By the time he returned to Massachusetts, Lehrer had connected with FAWE Girls School in Kigali, Rwanda. The two schools began planning person-to-person exchanges and setting up opportunities for their students to get acquainted via Skype by comparing their science education programs.
Meanwhile, eager to move from talking to doing, Lehrer planned a weeklong project to immerse his students in hands-on learning. They consulted via Skype with an engineer working in Rwanda, "and got a real appreciation for what it's like to be in charge of acquiring and using your own energy. My students were exhausted and smelling like smoke," he says, "but their conversations were amazing."
Their next challenge was to build a large biomass stove for their own campus. Engineers working in Honduras provided technical insights. They also sent them a "plancha," or grill, which serves as the cooking surface. Lehrer can see the finished masonry stove from his classroom. It has become the focal point for an outdoor classroom and gathering place, where students cook hot chocolate and pancakes for special events. "It's a symbol of the work we do," Lehrer says.
Full Steam Ahead
Global connections have expanded as more schools have joined the project, adding their own spin. Colegio Bandeirantes, a school in São Paulo, for example, uses the stove project as the jumping-off point for science fair projects.
This school year, six schools on four continents are participating in the collaborative effort. Students learn about energy through investigations and then build their own small cook stoves. They test the efficiency of different stove models, comparing their data with information gathered by their peers in other countries.
Lehrer also insists that students document their learning to help others engage in similar projects. "Each student is producing an educational tool," he explains, with a particular audience in mind. To teach students what he calls "the power of networking," Lehrer has students identify someone who can provide feedback on their work. "They have to justify their selection," he says, and then make the connection via email or phone call. "They're learning the same thing that I am: How do you get other people on board?"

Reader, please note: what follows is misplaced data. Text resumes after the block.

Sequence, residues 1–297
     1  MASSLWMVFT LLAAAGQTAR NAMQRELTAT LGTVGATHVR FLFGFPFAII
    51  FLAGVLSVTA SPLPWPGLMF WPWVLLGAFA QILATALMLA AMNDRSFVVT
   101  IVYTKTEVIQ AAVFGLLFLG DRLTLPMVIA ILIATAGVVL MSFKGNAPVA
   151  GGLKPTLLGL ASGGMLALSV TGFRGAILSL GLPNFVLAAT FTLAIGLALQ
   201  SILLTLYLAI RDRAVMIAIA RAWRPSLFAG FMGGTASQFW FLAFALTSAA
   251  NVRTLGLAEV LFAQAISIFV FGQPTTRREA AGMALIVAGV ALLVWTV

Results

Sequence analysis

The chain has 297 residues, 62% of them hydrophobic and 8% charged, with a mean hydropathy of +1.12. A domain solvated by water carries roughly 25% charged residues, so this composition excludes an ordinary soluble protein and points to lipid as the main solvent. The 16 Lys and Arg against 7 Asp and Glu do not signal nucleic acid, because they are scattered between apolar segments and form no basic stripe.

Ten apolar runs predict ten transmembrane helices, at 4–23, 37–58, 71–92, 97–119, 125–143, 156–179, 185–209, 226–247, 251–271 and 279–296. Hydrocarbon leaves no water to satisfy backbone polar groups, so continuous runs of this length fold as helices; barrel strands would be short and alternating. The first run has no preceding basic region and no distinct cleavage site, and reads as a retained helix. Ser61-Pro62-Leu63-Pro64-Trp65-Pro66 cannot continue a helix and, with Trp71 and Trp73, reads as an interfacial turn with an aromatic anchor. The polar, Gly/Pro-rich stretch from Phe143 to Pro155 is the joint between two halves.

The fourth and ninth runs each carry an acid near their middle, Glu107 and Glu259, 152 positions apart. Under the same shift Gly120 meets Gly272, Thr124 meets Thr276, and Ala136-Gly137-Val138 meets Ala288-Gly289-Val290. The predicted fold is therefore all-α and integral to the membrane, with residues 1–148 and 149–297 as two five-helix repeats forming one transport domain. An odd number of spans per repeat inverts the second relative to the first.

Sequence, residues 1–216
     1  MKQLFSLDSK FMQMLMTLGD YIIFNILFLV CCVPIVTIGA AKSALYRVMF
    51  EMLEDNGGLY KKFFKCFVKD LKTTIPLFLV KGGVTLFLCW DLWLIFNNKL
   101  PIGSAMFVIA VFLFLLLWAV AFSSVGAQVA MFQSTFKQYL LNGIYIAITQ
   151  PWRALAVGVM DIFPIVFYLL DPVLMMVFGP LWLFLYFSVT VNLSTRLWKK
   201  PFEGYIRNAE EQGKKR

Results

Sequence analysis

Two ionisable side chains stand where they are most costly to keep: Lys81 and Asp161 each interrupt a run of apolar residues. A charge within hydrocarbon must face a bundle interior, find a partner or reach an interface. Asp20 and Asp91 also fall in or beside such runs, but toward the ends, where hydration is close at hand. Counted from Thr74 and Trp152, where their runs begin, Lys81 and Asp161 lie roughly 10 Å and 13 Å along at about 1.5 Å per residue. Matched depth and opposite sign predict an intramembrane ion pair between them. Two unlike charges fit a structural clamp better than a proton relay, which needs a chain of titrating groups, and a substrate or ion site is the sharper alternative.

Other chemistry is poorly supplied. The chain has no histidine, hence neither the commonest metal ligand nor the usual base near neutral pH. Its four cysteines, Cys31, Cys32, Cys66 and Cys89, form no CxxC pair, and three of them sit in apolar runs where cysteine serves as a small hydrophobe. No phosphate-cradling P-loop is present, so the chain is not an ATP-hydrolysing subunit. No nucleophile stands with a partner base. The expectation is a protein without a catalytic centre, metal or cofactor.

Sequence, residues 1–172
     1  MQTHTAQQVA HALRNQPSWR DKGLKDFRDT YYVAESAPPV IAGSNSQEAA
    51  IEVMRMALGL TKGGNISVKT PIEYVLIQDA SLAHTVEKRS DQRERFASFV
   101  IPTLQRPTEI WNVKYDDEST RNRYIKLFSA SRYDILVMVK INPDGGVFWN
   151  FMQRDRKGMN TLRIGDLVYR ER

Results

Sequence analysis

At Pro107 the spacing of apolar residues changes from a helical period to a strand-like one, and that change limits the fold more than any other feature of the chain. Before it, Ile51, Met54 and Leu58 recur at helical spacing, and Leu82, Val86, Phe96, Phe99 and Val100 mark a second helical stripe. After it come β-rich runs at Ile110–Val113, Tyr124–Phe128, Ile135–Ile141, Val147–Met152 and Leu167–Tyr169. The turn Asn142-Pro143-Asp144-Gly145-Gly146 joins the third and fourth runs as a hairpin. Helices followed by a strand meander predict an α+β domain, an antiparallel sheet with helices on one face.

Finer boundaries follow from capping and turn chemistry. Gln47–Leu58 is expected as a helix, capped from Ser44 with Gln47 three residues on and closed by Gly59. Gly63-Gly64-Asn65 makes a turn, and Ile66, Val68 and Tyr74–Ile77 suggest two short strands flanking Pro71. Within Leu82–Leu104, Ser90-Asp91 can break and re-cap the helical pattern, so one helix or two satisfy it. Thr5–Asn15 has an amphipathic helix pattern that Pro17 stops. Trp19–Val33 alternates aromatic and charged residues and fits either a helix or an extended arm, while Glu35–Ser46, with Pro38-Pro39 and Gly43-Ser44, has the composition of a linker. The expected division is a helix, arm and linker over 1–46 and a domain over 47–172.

Lehrer doesn't sugarcoat the challenges of global collaboration. Skype calls with schools or experts on the other side of the world don't always come off as planned, and the logistical details sometimes have him waking up at 3 a.m. There have been growing pains, too, as new schools need help getting up to speed. "But once you have allies who share your vision, that feels so powerful," he adds. "It's not just me in my lab."
Lehrer has found great support for the project at his own school, where more teachers are now expressing an interest in project-based learning with a real-world focus. "When teachers see our project, the wheels turn," he says. "Global collaboration can be one more tool to open kids' eyes."
The team at D-Lab has continued to support the project, too, sharing technical insights and hosting Brookwood students on the MIT campus to see humanitarian engineering in action. (Learn more about youth outreach efforts at D-Lab).
"It all speaks to the power of a good idea," Lehrer says. Knowing that good ideas take effort to implement, he encourages his students to be fearless about networking and asking for help. "I tell them, you've got nothing to lose by sending that email. If you can speak passionately and justify the case for becoming involved, doors will open."